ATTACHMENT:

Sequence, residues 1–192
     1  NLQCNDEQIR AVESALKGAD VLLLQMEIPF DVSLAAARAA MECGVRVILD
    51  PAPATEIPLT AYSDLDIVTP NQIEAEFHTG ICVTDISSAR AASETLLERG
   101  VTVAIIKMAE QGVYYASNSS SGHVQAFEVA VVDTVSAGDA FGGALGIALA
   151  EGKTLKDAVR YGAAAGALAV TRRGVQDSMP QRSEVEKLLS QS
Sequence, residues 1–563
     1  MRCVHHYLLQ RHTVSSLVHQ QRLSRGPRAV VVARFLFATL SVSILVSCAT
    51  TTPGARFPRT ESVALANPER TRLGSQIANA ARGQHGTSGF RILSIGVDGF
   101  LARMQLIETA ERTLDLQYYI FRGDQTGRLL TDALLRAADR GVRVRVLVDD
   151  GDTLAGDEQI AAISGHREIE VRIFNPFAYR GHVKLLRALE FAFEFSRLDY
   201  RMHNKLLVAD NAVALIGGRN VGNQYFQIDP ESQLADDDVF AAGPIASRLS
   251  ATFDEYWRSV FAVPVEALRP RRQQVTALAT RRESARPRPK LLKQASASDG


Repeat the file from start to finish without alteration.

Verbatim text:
Sequence, residues 1–192
     1  NLQCNDEQIR AVESALKGAD VLLLQMEIPF DVSLAAARAA MECGVRVILD
    51  PAPATEIPLT AYSDLDIVTP NQIEAEFHTG ICVTDISSAR AASETLLERG
   101  VTVAIIKMAE QGVYYASNSS SGHVQAFEVA VVDTVSAGDA FGGALGIALA
   151  EGKTLKDAVR YGAAAGALAV TRRGVQDSMP QRSEVEKLLS QS
Sequence, residues 1–563
     1  MRCVHHYLLQ RHTVSSLVHQ QRLSRGPRAV VVARFLFATL SVSILVSCAT
    51  TTPGARFPRT ESVALANPER TRLGSQIANA ARGQHGTSGF RILSIGVDGF
   101  LARMQLIETA ERTLDLQYYI FRGDQTGRLL TDALLRAADR GVRVRVLVDD
   151  GDTLAGDEQI AAISGHREIE VRIFNPFAYR GHVKLLRALE FAFEFSRLDY
   201  RMHNKLLVAD NAVALIGGRN VGNQYFQIDP ESQLADDDVF AAGPIASRLS
   251  ATFDEYWRSV FAVPVEALRP RRQQVTALAT RRESARPRPK LLKQASASDG